A Lifelong Process
N. V. C. Swamy
banchi tavat shikhi; As long as I live, so long do I learn.’
- Sri Ramakrishna
is usual convention to classify the subject of education under
two categories - secular and spiritual. This is a Western
concept. So far as the East is concerned, there is no distinction
between the two. They are inextricably linked with each other
and any division is only artificial. Nevertheless, this division
has taken deep roots in our psyche. Hence we will approach
the subject matter of this article from this point of view.
quotation cited above is from a saint, who considered spiritual
experiences far superior to mere knowledge of the world. However,
we will examine how it applies to both types of education,
secular and spiritual. We commence with secular education,
by which we mean the kind of education imparted in schools
and colleges, leading to degrees and diplomas.
following incident occurred several decades ago, in the late
1950s, when I was a student at the Indian Institute of Science,
Bangalore. The details were narrated to me by a fellow student
who was at that time doing her doctorate in pharmacology at
the Institute. One day when she was sitting in her office
doing some work, there was a knock on the door. When she asked
the caller to enter, in came an elderly gentleman in his sixties,
wearing white pants, shirt and coat, a tie askew, a pair of
chappals and a white turban. He took a seat and said, ‘I say,
I am told you have studied something of microbiology. Would
you mind teaching the subject to me?’ My friend told me that
she was taken aback when the gentleman introduced himself.
Every day, for a month, the gentleman would come to the Institute
to sit with my friend for a couple of hours to learn microbiology.
He later went on to apply his learning to the study of the
physiology of vision and wrote a book about it. The name of
the gentleman? C V Raman.
is it that motivates a person like Raman to decide to learn
an entirely new subject at such an advanced age? He had already
done his best research work by that time and had already won
the much coveted Nobel Prize. But there was that urge in him
to learn, an urge that was not too particular about where
or from whom he could learn something new. He was an example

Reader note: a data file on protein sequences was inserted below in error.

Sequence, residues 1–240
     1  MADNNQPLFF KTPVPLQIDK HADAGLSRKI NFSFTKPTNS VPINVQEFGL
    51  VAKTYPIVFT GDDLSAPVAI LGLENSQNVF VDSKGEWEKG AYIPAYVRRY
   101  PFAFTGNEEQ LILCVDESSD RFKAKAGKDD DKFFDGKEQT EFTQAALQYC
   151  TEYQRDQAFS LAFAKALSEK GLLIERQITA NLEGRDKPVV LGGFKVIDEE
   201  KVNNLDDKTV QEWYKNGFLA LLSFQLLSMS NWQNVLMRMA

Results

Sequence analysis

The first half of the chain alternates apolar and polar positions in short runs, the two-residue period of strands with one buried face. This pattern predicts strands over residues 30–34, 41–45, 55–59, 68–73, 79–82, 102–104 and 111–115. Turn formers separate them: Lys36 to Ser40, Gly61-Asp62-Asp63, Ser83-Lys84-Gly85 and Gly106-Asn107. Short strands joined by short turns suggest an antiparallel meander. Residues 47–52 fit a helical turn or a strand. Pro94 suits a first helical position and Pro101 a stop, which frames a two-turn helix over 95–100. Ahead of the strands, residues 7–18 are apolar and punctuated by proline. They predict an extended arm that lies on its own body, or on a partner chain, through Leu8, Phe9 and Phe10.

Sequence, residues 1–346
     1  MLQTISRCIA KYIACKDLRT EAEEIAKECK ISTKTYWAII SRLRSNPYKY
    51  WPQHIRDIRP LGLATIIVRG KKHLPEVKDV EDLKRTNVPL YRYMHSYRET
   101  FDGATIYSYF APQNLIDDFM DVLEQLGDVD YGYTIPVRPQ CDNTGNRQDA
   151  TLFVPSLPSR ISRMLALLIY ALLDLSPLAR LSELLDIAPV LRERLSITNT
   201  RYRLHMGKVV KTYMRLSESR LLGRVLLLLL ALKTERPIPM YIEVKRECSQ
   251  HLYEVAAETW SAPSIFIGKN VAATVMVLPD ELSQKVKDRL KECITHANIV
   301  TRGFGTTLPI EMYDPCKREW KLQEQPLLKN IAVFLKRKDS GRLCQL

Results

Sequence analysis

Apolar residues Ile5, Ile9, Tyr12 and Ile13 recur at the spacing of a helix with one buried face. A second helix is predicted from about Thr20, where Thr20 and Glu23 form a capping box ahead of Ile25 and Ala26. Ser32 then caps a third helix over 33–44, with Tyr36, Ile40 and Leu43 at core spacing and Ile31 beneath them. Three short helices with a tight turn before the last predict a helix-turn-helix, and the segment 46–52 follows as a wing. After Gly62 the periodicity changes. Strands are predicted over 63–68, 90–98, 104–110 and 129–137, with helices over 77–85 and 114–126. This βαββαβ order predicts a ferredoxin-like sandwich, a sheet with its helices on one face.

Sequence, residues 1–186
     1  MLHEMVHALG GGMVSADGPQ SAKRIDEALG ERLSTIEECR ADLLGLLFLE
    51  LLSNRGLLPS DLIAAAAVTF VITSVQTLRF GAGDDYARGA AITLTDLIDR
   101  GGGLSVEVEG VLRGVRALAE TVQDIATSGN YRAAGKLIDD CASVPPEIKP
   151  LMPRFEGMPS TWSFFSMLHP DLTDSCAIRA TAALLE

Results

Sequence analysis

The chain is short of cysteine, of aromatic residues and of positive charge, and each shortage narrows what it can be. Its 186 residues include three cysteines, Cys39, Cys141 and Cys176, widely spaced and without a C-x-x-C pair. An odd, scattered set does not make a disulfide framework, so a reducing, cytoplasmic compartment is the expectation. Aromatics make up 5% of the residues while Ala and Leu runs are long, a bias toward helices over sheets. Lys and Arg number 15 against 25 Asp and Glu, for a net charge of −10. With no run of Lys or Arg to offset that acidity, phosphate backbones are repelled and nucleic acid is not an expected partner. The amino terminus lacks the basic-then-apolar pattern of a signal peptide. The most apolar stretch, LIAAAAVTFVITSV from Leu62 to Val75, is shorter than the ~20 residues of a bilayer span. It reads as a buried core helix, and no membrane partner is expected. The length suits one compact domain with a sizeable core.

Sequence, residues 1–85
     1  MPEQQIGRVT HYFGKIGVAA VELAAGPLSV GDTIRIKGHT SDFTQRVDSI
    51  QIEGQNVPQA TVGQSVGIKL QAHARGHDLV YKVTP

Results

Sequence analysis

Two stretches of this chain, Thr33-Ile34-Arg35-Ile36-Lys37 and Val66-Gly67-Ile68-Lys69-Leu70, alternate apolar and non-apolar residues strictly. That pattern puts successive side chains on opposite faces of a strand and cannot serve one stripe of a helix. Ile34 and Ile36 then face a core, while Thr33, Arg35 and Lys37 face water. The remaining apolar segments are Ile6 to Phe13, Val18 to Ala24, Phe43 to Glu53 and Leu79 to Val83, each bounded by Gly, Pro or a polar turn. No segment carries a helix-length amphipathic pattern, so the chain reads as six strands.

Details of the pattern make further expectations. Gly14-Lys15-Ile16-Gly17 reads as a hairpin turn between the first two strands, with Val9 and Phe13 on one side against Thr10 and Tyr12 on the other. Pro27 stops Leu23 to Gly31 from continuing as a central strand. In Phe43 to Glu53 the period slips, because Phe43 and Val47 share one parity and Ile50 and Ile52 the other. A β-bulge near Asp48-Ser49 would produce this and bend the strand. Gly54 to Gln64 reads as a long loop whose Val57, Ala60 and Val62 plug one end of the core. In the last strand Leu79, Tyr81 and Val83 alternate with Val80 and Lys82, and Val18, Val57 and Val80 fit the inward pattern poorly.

for what Sri Ramakrishna meant when he said: ‘As long as I
live, so long do I learn.’
usually associate learning with educational establishments.
We consider a person educated, if he or she has gone through
the schooling system, entered college and graduated from a
university. That is supposed to mark the end of the learning
process. This is the common understanding of what education
means. It reminds me of a story I heard long ago. A noted
professor of astronomy from a highly reputed university was
once invited to a formal dinner. He was seated next to a young
lady in her late twenties. During the course of the dinner,
the young lady asked the professor about himself. The professor
replied, ‘I am a student of astronomy.’ The young lady looked
at him up and down, at his grey hair and elderly face, and
exclaimed, ‘You mean you are still studying astronomy? I finished
it long ago in my college!’ It is obvious that the word learning
meant different things to them. For the young lady, learning
was over with graduation from the college. For the professor,
who had a broader perspective of knowledge, learning was a
is an unfortunate fact that the system of education we follow
in India is not geared to the learning process. It is oriented
more towards providing information in the form of facts and
figures, which should be reproduced faithfully in tests and
examinations. The more the facts that can be reproduced, the
brighter and more intelligent the student is rated to be.
But ask any student a few days after his examinations how
much he remembers of what he had learnt during the previous
year; very few of them would confidently reply that they remember
everything. This is because they have been trained like racehorses,
which run a fast pace and are totally spent by the end of
the race. I often wonder how many students would be able to
answer their examination papers once again if they are given
the same one month after the examinations are over!
remember a nice story I had been told when I was young, which
is a reflection on the kind of formal education we receive.
A father and son went for a walk one evening. It started drizzling
and they took shelter below a tree. The father thought that
he would use this state of enforced inactivity to educate